Aqua Dream Style Weedless Spoons

Capt. Mike’s Aqua Dream Living Weedless Spoons are a popular choice among spoons of this style and can be effective when targeting just about any inshore species. 

Trout love to hit these spoons on the initial fall and as they flutter toward the bottom after raising the rod tip during the retrieve.

3. “Hybrids”

Spoons designed to offer the characteristics of both Johnson and Aqua Dream style spoons and/or even other lure types like plugs and spinner baits. 

Hybrid Weedless Spoons

Popular examples of these Hybrids include Nemire’s Red Ripper, Gator Weedless Spoons, Capt. Jim Huddleston’s Huddle Spoon, the Hopkins Weedless Spoon, Mepps Timber Doodle and Bomber’s Who Dat Weedless Rattling Spoons. 

Many of these spoons can be effective on most inshore species and a good alternative to other spoon styles when they aren’t producing.

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Factors To Consider When Choosing A Spoon

snook on golden spoon

Regardless of the style of weedless spoon or targeted species, the weight, size and color choice will vary according to water depth, type and abundance of cover and bottom structure, water clarity and weather conditions. Consider this when choosing a spoon: 

1. Weight/Size

Heavier spoons sink faster and can be fished along or near the bottom at quicker retrieve rates than lighter spoons. They are a good choice when targeting fish that are holding or feeding along the bottom of the water column.

Lighter spoons sink more slowly and are effective when targeting fish that are holding in or feeding on bait in the middle or high end of the water column. 

When casting into a strong wind, heavier and more aerodynamic spoons are a better choice than smaller and lighter spoons which are more effective under calm conditions or when fishing downwind. 

Try to match the hatch by selecting spoons that are as close to the same size and color as the bait that fish are feeding on in the area.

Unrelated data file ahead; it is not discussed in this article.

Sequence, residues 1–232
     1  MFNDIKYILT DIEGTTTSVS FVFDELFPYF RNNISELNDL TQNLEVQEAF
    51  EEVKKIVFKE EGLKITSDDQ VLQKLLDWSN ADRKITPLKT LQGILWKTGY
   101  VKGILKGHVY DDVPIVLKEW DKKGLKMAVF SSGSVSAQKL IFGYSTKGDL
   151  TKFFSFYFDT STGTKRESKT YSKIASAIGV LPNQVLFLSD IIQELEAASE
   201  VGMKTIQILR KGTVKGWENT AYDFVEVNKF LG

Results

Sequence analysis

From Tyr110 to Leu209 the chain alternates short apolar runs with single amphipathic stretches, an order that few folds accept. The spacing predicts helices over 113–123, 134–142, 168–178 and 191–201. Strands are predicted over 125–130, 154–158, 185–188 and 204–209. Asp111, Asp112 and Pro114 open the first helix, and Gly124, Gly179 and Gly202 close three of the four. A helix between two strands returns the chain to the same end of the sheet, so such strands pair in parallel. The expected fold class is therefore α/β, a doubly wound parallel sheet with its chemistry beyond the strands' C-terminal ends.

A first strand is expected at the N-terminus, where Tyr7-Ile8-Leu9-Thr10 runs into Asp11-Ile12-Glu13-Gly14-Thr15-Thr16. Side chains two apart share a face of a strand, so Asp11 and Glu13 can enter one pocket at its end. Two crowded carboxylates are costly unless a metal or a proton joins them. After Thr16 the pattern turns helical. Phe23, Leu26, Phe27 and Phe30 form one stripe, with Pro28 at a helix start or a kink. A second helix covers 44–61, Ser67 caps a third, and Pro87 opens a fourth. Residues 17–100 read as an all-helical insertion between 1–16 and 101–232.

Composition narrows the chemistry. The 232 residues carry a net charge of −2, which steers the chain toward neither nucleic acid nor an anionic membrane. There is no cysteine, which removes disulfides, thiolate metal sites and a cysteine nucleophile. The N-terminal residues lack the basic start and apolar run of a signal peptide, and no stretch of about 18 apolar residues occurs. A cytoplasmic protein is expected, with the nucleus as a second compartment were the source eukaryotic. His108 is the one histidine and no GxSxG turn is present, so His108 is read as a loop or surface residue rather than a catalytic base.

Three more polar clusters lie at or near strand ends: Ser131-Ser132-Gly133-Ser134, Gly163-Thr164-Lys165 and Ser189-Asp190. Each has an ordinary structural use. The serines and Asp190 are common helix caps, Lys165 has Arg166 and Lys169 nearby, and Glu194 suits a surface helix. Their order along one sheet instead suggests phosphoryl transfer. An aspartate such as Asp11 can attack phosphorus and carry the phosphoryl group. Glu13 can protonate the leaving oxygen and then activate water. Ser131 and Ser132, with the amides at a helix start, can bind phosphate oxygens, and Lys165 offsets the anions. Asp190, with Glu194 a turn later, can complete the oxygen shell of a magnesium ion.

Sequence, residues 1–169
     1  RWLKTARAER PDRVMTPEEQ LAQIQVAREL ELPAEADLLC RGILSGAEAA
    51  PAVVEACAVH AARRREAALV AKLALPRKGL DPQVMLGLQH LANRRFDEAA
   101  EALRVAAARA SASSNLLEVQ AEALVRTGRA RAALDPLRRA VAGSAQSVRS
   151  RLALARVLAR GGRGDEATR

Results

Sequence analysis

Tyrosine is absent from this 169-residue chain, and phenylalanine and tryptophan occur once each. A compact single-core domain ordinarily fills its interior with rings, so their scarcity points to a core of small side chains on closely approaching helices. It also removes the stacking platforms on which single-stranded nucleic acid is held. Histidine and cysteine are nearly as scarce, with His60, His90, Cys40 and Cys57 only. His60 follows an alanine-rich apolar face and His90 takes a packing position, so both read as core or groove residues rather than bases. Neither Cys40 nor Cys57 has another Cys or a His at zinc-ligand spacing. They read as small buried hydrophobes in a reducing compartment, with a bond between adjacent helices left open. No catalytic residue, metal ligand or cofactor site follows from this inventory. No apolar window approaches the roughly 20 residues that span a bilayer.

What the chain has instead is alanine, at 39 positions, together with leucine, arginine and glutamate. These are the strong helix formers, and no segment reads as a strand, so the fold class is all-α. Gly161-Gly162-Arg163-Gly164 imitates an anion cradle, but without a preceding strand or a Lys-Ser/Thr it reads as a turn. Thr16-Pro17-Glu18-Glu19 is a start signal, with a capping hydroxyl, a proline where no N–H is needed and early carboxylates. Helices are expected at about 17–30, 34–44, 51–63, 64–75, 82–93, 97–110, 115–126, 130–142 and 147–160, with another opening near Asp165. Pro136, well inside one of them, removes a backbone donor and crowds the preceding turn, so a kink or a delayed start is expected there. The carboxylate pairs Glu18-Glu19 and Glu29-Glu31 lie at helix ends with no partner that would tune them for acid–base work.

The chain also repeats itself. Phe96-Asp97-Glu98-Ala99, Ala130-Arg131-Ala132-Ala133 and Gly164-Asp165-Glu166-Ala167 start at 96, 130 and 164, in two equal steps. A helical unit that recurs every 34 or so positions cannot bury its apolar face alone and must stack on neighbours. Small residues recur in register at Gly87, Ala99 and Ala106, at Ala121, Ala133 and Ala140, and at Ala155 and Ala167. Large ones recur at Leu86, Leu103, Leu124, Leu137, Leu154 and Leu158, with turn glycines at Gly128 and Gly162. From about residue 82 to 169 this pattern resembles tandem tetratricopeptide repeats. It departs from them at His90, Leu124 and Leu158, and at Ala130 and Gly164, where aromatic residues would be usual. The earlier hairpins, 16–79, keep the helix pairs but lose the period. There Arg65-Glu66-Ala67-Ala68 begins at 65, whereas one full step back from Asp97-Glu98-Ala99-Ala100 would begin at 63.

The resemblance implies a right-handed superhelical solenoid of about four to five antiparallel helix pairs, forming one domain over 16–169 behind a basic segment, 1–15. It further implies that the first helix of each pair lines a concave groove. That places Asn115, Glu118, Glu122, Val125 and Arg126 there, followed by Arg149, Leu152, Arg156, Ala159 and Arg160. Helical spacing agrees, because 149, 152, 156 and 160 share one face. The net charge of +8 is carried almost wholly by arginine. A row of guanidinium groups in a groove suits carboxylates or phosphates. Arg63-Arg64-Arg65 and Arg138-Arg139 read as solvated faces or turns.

2. Color

There are a wide variety of colors and patterns available within each spoon style. The most popular colors for targeting inshore species are gold, silver, copper and black. 

Silver is a good choice when fishing clear water under blue skies and when small baitfish are flashing in the area. 

In stained, muddy or less than clear water, gold and copper spoons are a good color to start with, especially when the baitfish have taken on the darker color of the water or when small crabs are likely to be present. 

In dark water, under low light conditions and when other colors aren’t working, a black spoon can be very effective. 

These colors are especially effective when using “Johnson Style” spoons or similar hybrids. In addition to these basic colors, “Aqua Dream” style spoons and many “Hybrids” are offered in a variety of fluorescent colors and natural bait patterns.

These colors and patterns combined with the unique action of these spoons often produce fish when other spoon styles and colors won’t. 

Generally, the fluorescents are a good choice for darker water and the naturals and lighter colored spoons a good choice for clearer water. However, there are days when the “rules” don’t apply and you have to work your way through a variety of colors to find one that works.

3. Water Depth

“Johnson Style” spoons are a good choice when fishing water less than three feet and when fish are holding or feeding along the bottom.